FLOWERY BRANCH, Ga. -- The Falcons' slogan for the 2010 season is "RISE UP." You see the words on highway billboards and window placards, often superimposed over a game image of quarterback Matt Ryan. That's fitting because the team is asking its franchise player to raise his game this year by taking ownership of the offense.
The former Boston College star had a solid rookie season in 2008, throwing for 3,440 yards and 16 touchdowns with 11 interceptions. But his play was uneven last year, when he sandwiched a fast start and strong finish around a six-game stretch in which he threw as many interceptions (six) as touchdowns.
With Ryan now entering his third season, coach Mike Smith believes it's time for his polite young star to increase his involvement with game plans and play selections. He wants Ryan to speak up in meetings, practices and games about what he likes and doesn't like, as well as what he believes will and won't work.
"I believe all successful teams, all successful businesses, have that type of open interaction," Smith says. "If you don't have that interaction, if you don't have that communication, you probably are not going to reach the potential that you are capable of."
There's no question the Falcons' fortunes hinge on the continued development of Ryan. He threw for 22 touchdowns with 14 interceptions in 14 starts last season, but had drop-offs from his rookie year in completion percentage, yards passing, yards per attempt and QB rating. More notable, his six fourth-quarter interceptions were three times his rookie total.
Some of it had to do with Ryan battling turf toe late in the year, as well as other key players being slowed or out with injuries. But some of it also could have been due to Ryan's hesitancy to step on toes. That won't be an issue this year, particularly with Smith pushing for increased communication.
"That's part of being a quarterback, for sure," Ryan says. "You can have whatever personality you want, but when push comes to shove, you're the one out there on the field. The role is something that evolves and, for sure, I'm a different person three years into it than I was in Year One. I think I've stepped into that role that they're talking about."
Teammates have noticed.
"The past two years he was more hesitant to express his opinion, but now he's a lot more open to it," says running back Michael Turner. "You can see it in meetings. He interrupts all the time and is like, 'I want to do this. Let's do it this way.' "
Ryan is quick to point out he's not trying to usurp the authority of offensive coordinator Mike Mularkey. He stresses that coaches invest significant time in scouting opponents and learning the strengths and weaknesses of each Atlanta player. Still, there's no denying that Ryan has a unique perspective because he's the one behind center.
To that end, he spent the early part of the offseason studying high-scoring offenses whose personnel is similar to the Falcons. He requested offensive game tapes of the Colts, Patriots, Chargers and Packers -- and took a peek at the Saints -- to see what they were doing and whether there were things the Falcons could incorporate.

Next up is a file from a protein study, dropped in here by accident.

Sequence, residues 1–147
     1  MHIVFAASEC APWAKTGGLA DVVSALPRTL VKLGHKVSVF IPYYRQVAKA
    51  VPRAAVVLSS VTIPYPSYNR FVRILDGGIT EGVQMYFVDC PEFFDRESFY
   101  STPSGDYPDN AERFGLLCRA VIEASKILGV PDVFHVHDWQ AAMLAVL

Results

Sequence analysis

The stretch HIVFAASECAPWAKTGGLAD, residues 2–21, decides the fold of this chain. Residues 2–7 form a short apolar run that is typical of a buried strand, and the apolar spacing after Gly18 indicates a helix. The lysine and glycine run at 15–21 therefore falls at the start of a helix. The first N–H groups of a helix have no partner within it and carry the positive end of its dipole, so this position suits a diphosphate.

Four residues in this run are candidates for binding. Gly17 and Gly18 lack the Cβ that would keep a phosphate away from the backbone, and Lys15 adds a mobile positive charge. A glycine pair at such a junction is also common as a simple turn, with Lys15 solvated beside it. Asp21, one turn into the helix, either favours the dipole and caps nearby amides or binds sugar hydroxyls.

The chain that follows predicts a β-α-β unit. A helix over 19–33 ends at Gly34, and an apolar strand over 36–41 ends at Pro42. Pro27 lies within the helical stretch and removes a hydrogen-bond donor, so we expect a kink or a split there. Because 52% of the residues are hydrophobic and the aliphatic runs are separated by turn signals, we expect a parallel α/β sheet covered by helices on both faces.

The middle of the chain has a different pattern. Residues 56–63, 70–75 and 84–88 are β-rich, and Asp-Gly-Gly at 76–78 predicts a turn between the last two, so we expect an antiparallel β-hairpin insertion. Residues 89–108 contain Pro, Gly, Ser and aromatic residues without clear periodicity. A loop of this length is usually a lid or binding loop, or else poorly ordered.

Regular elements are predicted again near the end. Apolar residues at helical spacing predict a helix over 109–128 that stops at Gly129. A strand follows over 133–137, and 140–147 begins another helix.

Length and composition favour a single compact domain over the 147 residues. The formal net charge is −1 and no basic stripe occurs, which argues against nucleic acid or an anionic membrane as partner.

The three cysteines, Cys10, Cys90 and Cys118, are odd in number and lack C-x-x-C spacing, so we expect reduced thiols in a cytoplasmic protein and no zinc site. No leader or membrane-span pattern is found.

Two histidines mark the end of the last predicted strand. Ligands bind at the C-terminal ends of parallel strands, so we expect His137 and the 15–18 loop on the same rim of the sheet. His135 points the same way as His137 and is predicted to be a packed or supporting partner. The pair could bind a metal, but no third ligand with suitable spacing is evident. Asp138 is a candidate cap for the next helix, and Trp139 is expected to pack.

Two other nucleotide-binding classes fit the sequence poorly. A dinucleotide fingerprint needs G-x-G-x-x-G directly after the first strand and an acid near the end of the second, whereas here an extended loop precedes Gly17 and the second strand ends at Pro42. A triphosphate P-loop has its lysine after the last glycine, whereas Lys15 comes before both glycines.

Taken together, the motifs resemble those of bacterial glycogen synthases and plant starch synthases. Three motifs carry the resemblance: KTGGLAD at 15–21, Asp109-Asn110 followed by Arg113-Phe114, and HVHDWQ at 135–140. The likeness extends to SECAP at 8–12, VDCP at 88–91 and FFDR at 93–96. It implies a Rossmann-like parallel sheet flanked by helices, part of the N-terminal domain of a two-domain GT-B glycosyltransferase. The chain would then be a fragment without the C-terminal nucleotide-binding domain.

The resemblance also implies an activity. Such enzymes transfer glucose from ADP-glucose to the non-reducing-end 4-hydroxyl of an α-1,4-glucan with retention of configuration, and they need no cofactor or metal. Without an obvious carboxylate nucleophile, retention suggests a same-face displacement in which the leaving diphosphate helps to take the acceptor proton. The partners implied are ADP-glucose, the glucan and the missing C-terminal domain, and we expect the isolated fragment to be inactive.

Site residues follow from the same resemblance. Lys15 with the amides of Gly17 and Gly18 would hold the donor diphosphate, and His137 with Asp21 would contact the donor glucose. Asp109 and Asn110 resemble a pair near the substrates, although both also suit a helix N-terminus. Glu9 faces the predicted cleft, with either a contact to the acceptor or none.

Ryan also studied each of the teams' quarterbacks to see what made them so effective. He was particularly impressed with Indianapolis' Peyton Manning and New England's Tom Brady because of their patience.
"Peyton can consistently take the underneath route when it's given to him and not even think about going to that next route until they take '[the underneath] away," he says. "It's amazing how precise he is with that. And once they do take away the underneath route, he hits them for a chunk and it's a big play. It's impressive to watch that. It's impressive to see how disciplined he is."
Ryan has been Manning-like in his detail on the practice field this offseason. Everything he does has a meaning behind it. He experiments only during one-on-one drills. Team sessions are like game situations. He wants everything sharp, clicking.
"When we get to those team periods, for me it's about making the right read every time, putting the ball exactly where it needs to go every time," he says. "I certainly know for myself I'm doing a better job of that this year."
Under Ryan, the Falcons have posted the first back-to-back winning seasons in franchise history, but failed to make the playoffs in 2009 after a wild-card berth in 2008. Ryan, in his expanding role as team leader, believes some of that was directly linked to last offseason, when some "loose ends" weren't tied up.
"That's not to say there were a lot of loose ends last year, because I don't think there were, but there were things that we could tighten up," he says. "Like in the meetings during OTAs; make sure that we're locked in, that we're being productive. I think we've done a really good job of that this year ... making sure that the last 15 or 20 minutes, when you've been in there an hour or an hour and a half, that you stay sharp. It's easy to do game week because you have an opponent that weekend and you're going to be out there for everyone to see and the consequences are there immediately. But it's tough at this point of the year. You have to fight through it."
The more Ryan speaks, the more his determination becomes apparent. For instance, when asked how much better he can get, he says: "I can make significant strides from my first two years, and I'm hell bent on getting there."
Sound like a player who's ready to rise up?